One merit of this speech was that it was followed by a plan for practically enabling his labourers to become shareholders in the estate at Glynde.  The language and the example are alike important.  To admit labourers as part-proprietors of the Glynde estate, confers upon them a position of pride and self-respect as valuable as it is new.  Such admission, rightly used, would produce more advantages than many agitations, such as are within the means of labourers to conduct.  To have it admitted by a gentleman so eminent and influential as the representative of the House of Commons, that labourers had a social right to share in the profits of the estate which they contributed to cultivate, was an admission of more service to the working people than many Acts of Parliament passed in their name, and professedly for their benefit.  For an humble villager to be able to say that he was a shareholder in the Glynde estate, however small might be the portion which his prudence and frugality enabled him to acquire, however small might be the profits thus accruing to him, his position was entirely changed.  His forefathers were slaves, then serfs, then hired labourers.  He becomes in some sort a landowner.  He henceforth stands upon what Lord Cockburn would call a "colourable" equality with the proprietor himself.  If he had any cultivated spirit of independence in him, such labourer would have more satisfaction in the idea, than many a tenant farmer is able to find in the position which he holds.  It must follow in a few years that the wages of such a man must increase, and by prudence, temper, and good judgment the relation between this body of small proprietors and the chief owner must be pleasant and honourable.  That these labourers were wanting in the disposition, or were ill advised by those to whom they would naturally look for counsel, and neglected to act on the unusual offer made by Mr. Brand, detracts in no way from the value of it.  Men may be taken to the steps of Paradise, and decline to ascend, yet he is not the less meritorious who gives them the opportunity.  A man may not have the sense to ascend—he may not understand his opportunity—he may even distrust it, or think it too insignificant to trouble about, he may have the humility which makes him doubt his own fitness to advance, he may have the diffidence which makes him distrust his own power of going forward, he may even prefer to remain where he is, content that he may advance on another occasion; but he is no longer the same man, he stands higher in his own esteem if he has any self-respect.  He has had the chance of better things, and the old feeling of discontent and sense of exclusion and bitterness at his precarious state are changed, and an inspiration of manliness, equality, and undefined satisfaction takes the place of his former feelings.  A man may have a great opportunity, and for some preference or infatuation of his own he may go past it; he may regret it, but he is happier than he who never had the chance of bettering himself.  So every manufacturer and every landowner who makes overtures of industrial partnership to his men, raises the character of mastership and proprietorship; sooner or later men will accept the offers, and be grateful for them, and turn them to fortunate account.  In the meantime, the whole temper of industry is being changed by these overtures; the mighty doors of conciliation and equality are being opened, through which, one day, all the workmen of England will pass.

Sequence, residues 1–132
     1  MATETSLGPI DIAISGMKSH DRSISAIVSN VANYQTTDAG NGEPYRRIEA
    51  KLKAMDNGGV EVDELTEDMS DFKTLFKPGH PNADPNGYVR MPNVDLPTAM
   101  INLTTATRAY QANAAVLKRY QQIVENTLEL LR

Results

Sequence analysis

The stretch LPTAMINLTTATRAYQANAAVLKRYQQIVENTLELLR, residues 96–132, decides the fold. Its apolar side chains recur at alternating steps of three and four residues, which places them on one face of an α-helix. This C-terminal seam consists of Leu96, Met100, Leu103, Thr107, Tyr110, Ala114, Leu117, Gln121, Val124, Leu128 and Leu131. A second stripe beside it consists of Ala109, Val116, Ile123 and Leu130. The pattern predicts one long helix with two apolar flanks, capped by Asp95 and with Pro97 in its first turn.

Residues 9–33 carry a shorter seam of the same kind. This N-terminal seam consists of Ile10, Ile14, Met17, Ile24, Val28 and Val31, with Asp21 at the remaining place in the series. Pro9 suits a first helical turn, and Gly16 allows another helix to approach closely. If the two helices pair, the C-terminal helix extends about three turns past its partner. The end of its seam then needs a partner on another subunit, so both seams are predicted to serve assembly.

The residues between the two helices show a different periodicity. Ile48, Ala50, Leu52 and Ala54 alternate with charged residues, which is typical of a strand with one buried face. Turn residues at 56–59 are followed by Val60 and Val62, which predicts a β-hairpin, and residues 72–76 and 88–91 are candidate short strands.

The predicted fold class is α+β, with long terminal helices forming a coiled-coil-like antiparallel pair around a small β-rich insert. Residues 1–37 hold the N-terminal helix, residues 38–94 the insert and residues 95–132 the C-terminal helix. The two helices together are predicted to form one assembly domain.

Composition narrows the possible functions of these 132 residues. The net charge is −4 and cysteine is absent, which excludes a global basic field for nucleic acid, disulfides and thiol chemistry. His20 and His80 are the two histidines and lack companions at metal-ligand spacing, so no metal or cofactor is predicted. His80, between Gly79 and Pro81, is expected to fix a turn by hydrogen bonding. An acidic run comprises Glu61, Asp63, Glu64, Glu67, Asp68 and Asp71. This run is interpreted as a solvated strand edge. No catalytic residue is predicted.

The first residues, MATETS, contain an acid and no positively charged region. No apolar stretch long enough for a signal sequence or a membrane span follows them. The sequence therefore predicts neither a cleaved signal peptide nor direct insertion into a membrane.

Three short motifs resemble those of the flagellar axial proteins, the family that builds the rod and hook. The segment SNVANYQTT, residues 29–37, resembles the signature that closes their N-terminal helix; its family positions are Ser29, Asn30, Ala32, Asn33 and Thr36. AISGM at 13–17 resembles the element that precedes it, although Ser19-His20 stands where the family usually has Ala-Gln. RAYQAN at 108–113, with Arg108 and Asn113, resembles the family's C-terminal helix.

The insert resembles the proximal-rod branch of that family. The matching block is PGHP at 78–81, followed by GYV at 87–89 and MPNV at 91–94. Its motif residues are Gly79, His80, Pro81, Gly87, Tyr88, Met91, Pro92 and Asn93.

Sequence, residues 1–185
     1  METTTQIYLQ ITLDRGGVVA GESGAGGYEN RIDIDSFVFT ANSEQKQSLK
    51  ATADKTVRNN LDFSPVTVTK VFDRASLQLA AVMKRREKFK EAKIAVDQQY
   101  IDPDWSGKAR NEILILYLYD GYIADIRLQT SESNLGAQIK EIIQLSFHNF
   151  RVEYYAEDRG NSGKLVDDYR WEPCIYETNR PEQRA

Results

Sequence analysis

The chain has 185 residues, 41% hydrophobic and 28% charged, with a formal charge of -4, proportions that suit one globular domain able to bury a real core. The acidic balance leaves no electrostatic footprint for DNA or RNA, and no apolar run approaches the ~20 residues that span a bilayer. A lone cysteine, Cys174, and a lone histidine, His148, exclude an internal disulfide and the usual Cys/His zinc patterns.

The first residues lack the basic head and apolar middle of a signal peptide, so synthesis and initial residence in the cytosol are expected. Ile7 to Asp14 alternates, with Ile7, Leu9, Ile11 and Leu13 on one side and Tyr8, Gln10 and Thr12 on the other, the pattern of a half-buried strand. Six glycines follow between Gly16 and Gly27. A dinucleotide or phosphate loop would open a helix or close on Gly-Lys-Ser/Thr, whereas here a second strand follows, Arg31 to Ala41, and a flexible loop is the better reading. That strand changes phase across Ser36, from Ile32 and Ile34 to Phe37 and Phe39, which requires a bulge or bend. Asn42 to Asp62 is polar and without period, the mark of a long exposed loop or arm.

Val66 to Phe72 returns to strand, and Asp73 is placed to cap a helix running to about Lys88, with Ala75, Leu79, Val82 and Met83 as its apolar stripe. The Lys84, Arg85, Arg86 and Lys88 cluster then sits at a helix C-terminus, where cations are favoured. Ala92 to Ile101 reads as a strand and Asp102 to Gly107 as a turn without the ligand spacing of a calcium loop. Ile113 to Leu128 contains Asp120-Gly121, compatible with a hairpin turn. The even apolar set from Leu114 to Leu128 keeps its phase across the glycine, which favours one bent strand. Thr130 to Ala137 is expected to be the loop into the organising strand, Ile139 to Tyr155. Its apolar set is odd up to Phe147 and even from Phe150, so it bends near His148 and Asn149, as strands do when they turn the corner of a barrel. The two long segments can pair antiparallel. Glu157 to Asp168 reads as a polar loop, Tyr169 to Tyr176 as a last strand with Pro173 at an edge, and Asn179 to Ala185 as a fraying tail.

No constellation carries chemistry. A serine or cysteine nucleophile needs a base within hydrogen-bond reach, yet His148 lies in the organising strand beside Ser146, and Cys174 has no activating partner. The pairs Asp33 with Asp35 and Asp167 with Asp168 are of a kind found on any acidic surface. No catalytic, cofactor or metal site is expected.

In the meantime the mere dream of this invests the order of industry with new interest and hope.  This will seem sentimental only to those who know human nature second hand.  We all live in ideals.  Those who deny the ideal of others live in one of their own—lower or higher.  The true artist, solitary and needy though he may be, paints for the truth, the thinker thinks for it, the martyr dies for it, the glory of which only his eye sees.  Progress is the mark of humanity.  The aspiration even of the lowest is the ideal which carries him forward; and when it fails, manhood perishes.

    Co-operation has filled the air with ideas of progress by concert.  Men thought the flashes of lightning which play upon the fringe of a coming tempest, were the rainbow arch which denotes a permanent truce between the warring elements, a sign that the storm is passing away.



"My opinion is, we shall never have a satisfactory settlement of the wages question until the labourer receives in some shape or other a share of the profit of the business in which he is engaged.  I refer not only to those employed upon farms, but to those engaged in mining, in manufactories, and in trades of all kinds."—The Right Hon. Mr. Brand's (Speaker of the House of Commons) Speech to Labourers at Glynde, 1876.